He spent the next two years playing summer and winter league baseball in the Dominican Republic and Puerto Rico. Thurman had several successful seasons in the Caribbean leagues and had become a fan favorite. He is a member of the Puerto Rican League Baseball Hall of Fame and the league’s all-time home run leader. After a tremendous winter league season in 1955, Thurman signed with the Cincinnati Reds mainly as a reserve outfielder and pinch hitter with the team believing him to be 32 years old. He made his Major League debut on April 14, 1955; a little more than a month before his actual 38th birthday.
Thurman hit 35 home runs and drove in 106 runs in his five years with the Reds (1955 – 1959). On August 18, 1956, the Reds hit eight home runs in a 13 – 4 victory over the Milwaukee Braves; which tied the Major League record at that time. Three of the Reds’ home runs in that game were hit by Bob Thurman. After hitting a double in the third inning, he hit home runs in the fifth, seventh, and eighth innings. In 1957 at 40 years old, Thurman had his best season in the Major Leagues hitting 18 home runs. While with the Reds he, along with former Negro League player and Reds teammate George Crowe, became mentors for young African-American players coming into the National League in the late 1950s; Frank Robinson, Vada Pinson, Curt Flood, Bill White, etc.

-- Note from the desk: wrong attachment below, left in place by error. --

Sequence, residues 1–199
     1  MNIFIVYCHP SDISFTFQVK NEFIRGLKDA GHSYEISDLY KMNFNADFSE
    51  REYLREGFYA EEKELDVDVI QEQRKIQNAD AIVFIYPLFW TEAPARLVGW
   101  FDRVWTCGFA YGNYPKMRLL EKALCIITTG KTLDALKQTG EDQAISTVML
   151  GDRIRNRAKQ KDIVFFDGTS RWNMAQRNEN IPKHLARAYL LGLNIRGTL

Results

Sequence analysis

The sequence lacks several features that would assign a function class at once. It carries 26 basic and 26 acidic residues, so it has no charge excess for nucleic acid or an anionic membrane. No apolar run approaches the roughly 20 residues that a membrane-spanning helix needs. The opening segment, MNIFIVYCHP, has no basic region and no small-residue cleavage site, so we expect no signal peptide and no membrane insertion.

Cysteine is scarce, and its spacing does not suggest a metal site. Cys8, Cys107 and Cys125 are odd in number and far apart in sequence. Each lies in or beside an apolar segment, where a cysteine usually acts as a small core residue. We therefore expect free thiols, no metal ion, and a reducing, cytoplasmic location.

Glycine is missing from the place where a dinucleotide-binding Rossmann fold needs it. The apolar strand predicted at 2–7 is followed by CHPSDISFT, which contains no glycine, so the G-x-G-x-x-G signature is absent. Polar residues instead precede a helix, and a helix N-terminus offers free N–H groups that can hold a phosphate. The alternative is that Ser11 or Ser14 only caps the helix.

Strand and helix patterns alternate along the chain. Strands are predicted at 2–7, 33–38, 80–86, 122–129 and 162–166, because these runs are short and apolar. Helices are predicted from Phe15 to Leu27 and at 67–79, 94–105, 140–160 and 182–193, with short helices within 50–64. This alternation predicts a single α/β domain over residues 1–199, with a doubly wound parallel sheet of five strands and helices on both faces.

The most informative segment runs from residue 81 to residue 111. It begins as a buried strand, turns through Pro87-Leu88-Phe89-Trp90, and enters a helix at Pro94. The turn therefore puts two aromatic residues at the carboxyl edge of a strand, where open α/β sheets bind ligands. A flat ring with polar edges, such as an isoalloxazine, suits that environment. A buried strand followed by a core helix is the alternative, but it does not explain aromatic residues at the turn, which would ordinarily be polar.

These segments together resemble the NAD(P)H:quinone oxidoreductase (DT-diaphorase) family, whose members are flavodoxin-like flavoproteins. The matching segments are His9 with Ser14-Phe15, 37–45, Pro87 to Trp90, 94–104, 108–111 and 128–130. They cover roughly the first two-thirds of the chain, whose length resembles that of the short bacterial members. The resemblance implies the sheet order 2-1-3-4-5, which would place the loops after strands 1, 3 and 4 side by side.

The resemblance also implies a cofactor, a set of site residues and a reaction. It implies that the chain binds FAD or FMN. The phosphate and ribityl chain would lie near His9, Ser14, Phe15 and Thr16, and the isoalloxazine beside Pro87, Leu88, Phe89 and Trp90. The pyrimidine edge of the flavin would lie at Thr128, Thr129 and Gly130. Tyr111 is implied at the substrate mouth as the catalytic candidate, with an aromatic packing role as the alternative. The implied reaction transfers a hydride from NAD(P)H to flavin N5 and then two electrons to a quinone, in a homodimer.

Bob Thurman had to verbally set back the hands of time in order to get the opportunity to play in the Major Leagues. If the New York Yankees in 1949 had known his real age of 32, would they have signed him? Probably not! Surely, the Reds would not have signed Thurman in 1955 had they known his real age of 38! But given the opportunity, he proved his time for hitting a baseball had not passed him by.
To read more about the Negro Baseball era Last Train to Cooperstown
John L. Gray and Haley Young, Jr. both played baseball one season with the Indianapolis Clowns during the final years of the Negro League baseball era. Last month on April 7, I was the main speaker (“Negro League Baseball: The Deep Roots of African-Americans in America’s Great Game”) at a tribute given to both players at the Old Dillard Museum in Fort Lauderdale, Florida. (See pictures under the “Events” tab above)